Edward Gough Whitlam is 95 years old today.
Whilst it is thirty-five years since Australia’s 21st Prime Minister was dismissed by the Governor-General, his political career contains lessons and his unbounded spirit is missed.
The present Labor government is already nine months older than the Whitlam government was on November 11, 1975. Yet, if it fell today, its record would pale by comparison. The reservoir of good-will would be low and few would hanker for Rudd or Gillard.
Whitlam, however, is loved by his party and many in the community. Affection and loyalty walk arm in arm with him through the pages of history. He is a living lesson in political leadership.
Forty years ago, Whitlam was the Opposition Labor Leader who spoke to a generation of people who had known nothing other than the coalition in power in Canberra. Menzies was long gone and the government of William McMahon was a joke. Only the most rabidly partisan would deny it. The Liberals had disposed of their former leader, John Gorton, and opted for an overweeningly ambitious replacement who wasn’t up to the job.
As a teenager awakening to the world of politics, I was one of those who saw in Whitlam a man for his times. There was a clear sense of a political class in decay. There was the deceit and chaos of Vietnam. There was the conscription lottery. Most of all, there was neglect in so many areas: in education, health, the cities, the law, the electoral system. Whitlam spoke of these issues and offered solutions.
Socially, Australia was stricken by inaction and knee-jerk conservatism. Books were banned. Films were censored. An inward-looking narrowness prevailed, even as the outside world was rent with dissent and the promise of change. In so many ways, Whitlam championed the outsiders, be they Aborigines, women, the elderly, the young, or the poor.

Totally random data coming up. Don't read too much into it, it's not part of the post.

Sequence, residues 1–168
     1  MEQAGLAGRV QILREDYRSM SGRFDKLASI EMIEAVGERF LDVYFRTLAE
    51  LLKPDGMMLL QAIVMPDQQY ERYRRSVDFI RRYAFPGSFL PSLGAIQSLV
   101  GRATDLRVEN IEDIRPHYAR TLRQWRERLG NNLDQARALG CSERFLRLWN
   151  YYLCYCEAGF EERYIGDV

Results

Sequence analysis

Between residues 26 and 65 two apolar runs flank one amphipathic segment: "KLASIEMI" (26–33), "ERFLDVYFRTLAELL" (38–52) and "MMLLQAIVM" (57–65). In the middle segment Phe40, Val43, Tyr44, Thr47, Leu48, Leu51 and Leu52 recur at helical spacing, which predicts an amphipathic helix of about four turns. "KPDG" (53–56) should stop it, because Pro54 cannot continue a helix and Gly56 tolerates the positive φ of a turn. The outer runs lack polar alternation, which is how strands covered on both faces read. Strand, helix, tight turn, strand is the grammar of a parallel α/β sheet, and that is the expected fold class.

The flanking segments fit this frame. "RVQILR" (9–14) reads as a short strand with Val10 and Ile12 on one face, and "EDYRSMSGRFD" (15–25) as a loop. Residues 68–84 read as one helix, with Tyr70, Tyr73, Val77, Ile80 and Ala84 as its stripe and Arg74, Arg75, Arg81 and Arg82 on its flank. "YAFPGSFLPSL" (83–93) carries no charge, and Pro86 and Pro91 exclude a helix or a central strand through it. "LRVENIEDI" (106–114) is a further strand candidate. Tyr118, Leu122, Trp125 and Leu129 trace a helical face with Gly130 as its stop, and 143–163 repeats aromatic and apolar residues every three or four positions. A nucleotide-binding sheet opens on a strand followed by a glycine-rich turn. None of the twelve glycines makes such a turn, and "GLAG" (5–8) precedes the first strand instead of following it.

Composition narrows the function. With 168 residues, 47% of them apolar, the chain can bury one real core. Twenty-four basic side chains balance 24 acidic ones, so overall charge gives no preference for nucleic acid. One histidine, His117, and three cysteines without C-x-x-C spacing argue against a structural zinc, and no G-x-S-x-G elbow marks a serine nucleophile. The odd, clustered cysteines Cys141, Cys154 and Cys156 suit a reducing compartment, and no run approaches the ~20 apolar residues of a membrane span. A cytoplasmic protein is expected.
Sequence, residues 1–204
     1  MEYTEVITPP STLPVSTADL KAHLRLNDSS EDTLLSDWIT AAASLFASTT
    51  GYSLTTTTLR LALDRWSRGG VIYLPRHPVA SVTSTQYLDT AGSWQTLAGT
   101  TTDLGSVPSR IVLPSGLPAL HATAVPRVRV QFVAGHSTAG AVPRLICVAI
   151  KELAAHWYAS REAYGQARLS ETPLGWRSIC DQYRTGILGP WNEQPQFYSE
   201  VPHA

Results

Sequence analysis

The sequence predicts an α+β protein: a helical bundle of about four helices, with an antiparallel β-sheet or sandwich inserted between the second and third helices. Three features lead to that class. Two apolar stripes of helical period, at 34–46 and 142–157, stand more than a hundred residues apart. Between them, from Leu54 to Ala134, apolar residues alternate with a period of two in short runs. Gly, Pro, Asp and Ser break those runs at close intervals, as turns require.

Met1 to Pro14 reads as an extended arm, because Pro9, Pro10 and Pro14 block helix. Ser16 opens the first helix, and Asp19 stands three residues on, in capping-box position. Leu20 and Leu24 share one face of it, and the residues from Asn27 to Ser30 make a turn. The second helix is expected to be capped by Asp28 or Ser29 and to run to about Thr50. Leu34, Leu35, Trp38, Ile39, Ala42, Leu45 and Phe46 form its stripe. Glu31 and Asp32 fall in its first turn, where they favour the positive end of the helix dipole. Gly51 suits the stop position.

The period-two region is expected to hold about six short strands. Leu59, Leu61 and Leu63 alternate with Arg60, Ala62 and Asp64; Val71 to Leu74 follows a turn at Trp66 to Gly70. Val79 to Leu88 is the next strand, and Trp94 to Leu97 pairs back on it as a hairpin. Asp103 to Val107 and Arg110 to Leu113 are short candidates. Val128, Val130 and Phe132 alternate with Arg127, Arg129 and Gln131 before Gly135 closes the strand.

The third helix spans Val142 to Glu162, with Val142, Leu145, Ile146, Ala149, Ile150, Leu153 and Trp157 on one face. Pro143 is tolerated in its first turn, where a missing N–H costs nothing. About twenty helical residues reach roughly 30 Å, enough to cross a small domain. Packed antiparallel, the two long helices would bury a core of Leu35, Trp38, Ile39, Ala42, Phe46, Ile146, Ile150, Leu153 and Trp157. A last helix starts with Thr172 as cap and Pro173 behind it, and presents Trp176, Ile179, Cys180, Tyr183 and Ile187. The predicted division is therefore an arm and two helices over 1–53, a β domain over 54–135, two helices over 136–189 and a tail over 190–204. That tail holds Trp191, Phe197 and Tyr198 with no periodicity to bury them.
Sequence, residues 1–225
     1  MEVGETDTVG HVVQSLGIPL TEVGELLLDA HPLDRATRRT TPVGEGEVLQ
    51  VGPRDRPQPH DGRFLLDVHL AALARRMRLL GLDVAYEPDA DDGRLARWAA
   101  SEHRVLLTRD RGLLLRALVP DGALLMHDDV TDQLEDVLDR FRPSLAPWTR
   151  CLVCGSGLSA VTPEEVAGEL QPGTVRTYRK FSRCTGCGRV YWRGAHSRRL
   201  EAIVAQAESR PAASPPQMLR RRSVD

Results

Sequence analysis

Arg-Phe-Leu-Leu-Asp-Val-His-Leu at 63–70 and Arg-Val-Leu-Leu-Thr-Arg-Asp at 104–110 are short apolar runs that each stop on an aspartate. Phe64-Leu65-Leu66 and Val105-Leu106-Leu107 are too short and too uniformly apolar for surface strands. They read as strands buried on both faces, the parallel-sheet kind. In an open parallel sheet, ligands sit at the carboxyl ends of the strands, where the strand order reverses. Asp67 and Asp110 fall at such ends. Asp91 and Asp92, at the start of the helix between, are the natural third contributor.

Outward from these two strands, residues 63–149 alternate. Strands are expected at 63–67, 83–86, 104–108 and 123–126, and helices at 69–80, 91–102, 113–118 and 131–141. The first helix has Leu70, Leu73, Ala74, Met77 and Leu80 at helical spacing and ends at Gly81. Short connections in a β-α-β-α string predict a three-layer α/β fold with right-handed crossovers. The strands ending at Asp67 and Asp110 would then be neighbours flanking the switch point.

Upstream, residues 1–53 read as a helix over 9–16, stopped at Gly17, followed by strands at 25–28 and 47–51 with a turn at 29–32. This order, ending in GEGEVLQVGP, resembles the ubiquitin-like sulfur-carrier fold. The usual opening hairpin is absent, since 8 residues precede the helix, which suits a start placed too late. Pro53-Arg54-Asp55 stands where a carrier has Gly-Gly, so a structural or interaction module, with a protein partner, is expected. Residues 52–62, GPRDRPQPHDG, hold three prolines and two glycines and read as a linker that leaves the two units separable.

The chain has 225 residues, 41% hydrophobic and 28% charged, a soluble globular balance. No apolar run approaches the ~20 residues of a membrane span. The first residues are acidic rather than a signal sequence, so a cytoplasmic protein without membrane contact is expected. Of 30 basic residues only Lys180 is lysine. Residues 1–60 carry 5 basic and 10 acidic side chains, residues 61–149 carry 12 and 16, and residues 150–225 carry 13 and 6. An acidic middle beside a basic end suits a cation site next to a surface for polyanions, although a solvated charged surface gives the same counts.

It was an era when the Democratic Labor Party preferenced the coalition and controlled the balance of power in the Senate. These grumpy old DLP men had either walked out or been expelled from the ALP during the calamitous split of the 1950s. They wailed against change in all its forms. Often, they appeared to be against modernity itself.
I remember the fear campaigns. Then, as now, they were whipped up by the conservatives and their urgers in the media. They were ridiculous but insidious. I was one of those school kids who witnessed a teacher drawing red communist arrows descending on Australia from the north. I recall the oleaginous Phillip Lynch describing anti-war protesters as “political bikies pack-raping democracy”. I remember the DLP advertisements insisting that Whitlam would “flood this country with pornography”. In time, I grew to despise these people for their backwardness, their insularity, and their instinctive reaction against change and reform.
Into this strode Whitlam. For a young mind, it was an exhilarating time. Whitlam revelled in ideas. There were policies galore to snare your imagination. His expansive view of the world was matched with a detailed program at home.
Abroad, there could be a historic diplomatic recognition of China, a policy of anti-colonialism in PNG, a more independent approach to the ANZUS alliance, or opposition to racial policies in South Africa. At home, the focus might be on better sewerage for the suburbs, a legal aid program, fault-free divorce, or anti-discrimination laws.
Lindsay Tanner has outlined these policies in more detail in his superb essay in the current issue of The Monthly. He shows that the breadth and scope of Whitlam’s foreign and domestic program was unparalleled.
At the personal level, thanks to Whitlam extending the franchise to 18-year-olds, I voted in two elections that would otherwise have been denied me. When I attended university, the abolition of fees eased the burden on my horticulturalist father.
I know women who still thank Whitlam for giving them the chance of an adult education. For many, these policies were the only means of finding a path to an independent life. Similarly, a friend recalls the revolutionary impact of the establishment of a bulk billing medical centre in his suburb.
In the ferment of ideas, Whitlam is a modern political giant. Despite the myths and misrepresentations that still abound – the “worse than Whitlam” canard – the policies of his government are remarkably entrenched in Australian life.
One great symbol of Whitlam’s impact is Medibank. We know it now as Medicare, but let it never be forgotten that its coalition naysayers only surrendered their opposition on behalf of vested interests fully thirty years after Whitlam adopted the policy. Medibank was dragged through two rejections in the Senate, a double dissolution election and another Senate rejection before the historic Joint Sitting passed it into law in 1974. Even then, the hostile Senate and the subsequent Fraser government continued to neuter it.